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Can my shrink be a reference?
July 23, 2006 3:35 PM   Subscribe

Is it completely absurd to use one's psychiatrist as a reference for admission to medical school?

I saw a psychiatrist weekly for a few years for treatment of mild depression and a significant degree of Obsessive-Compulsive Disorder. He certainly knows me well (as demanded by the medical schools), and could write a fine letter of reference. Plus, he's a doctor!

Would doing this be detrimental to my application? Is it just odd? Are there any issues from the psychiatrist's point of view about being a reference?
posted by greatgefilte to Education (14 answers total)
 
It would not be appropriate for your therapist to write you a reference letter.
posted by Sara Anne at 3:43 PM on July 23, 2006


I agree with Sara Anne, this would not be appropriate. A letter of reference should deal with how you are professionally, and come from someone that you have worked with in a professional endeavour (research, shadowing, supervisor, etc).
posted by ruwan at 3:51 PM on July 23, 2006


ruwan, the application calls for one letter from a so-called 'character reference,' who can be objective about the applicant's personal qualities and suitability for the role of physician. Issues of appropriateness aside, I do think it would be informative.
posted by greatgefilte at 3:56 PM on July 23, 2006


I would assume that it wouldn't be ethical for your reference letters to be written by anyone who is in your pay.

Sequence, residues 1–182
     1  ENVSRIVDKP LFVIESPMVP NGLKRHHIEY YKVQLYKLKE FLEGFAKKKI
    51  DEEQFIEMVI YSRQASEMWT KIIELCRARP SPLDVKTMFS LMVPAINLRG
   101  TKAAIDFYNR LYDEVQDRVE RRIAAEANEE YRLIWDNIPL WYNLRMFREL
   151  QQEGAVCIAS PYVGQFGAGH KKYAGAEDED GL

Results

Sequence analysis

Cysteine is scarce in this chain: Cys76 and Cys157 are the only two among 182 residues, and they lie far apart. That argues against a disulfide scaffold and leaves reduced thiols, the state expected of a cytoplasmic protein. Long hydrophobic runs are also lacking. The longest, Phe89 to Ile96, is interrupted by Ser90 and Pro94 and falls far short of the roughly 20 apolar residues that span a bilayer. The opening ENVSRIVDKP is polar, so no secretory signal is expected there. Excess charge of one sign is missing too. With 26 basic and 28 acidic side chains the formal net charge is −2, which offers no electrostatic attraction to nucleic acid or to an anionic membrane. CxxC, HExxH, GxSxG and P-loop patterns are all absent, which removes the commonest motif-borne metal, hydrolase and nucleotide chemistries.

Moreover, I think there might be confidentiality issues as far as having your therapist write you a letter.
posted by anjamu at 4:04 PM on July 23, 2006


I'm sure it would be informative, but how useful do you think a reference saying "I knew greatgefilte when s/he had depression and a significant degree of OCD" would be?

Your psych would also have ethical issues about this; they normally maintain very clear boundaries between your treatment and the rest of your life.
posted by cogat at 4:10 PM on July 23, 2006


cogat, hence my query. It sounded like a good idea in my head, but I know better than to go getting myself into awkward situations without getting advice from others. :)
posted by greatgefilte at 4:13 PM on July 23, 2006


Have you asked your psychiatrist his opinion of its appropriateness?
posted by rhapsodie at 4:21 PM on July 23, 2006


No way.

Get professors and bosses.
posted by k8t at 4:33 PM on July 23, 2006


Yes, it's completely absurd.
posted by jayder at 4:34 PM on July 23, 2006


That depends, are you insane?
posted by blue_beetle at 4:42 PM on July 23, 2006


No, more correctly:

Are you applying to med school to be a "test dummy" in a psych program?

If so, then yes.

:-)
posted by baylink at 6:42 PM on July 23, 2006


If you have to ask, it is a bad idea.
posted by gatorae at 7:21 PM on July 23, 2006


He would almost have to break confidentiality to give you the best rec he could -- or even a truthful rec. That is, I doubt s/he knows you out of the office too much.

You'd be letting your psych be exposed to a lot of crap if you were not able to get in and you got angry.....Or, even if another doc read the letter and was like, "I can't believe a colleague is agreeing to such a request."
posted by narebuc at 10:24 PM on July 23, 2006


I'm a psychiatrist. I agree with all those above who tell you what a bad idea it is. It is a conflict of interest, it is counter-therapeutic, and it would do you no favors either with the admissions committee or with your relationship with your shrink, whether you got in or not.

If your psychiatrist would write you a letter, I would worry about him/her. If an admissions committee knew (a) you had asked, and (b) s/he had written, they would worry about you. Besides, a good letter of reference describes how and for how long the refernce writer has known you. Do you really want taht said in this case?
posted by emg at 8:35 PM on July 24, 2006


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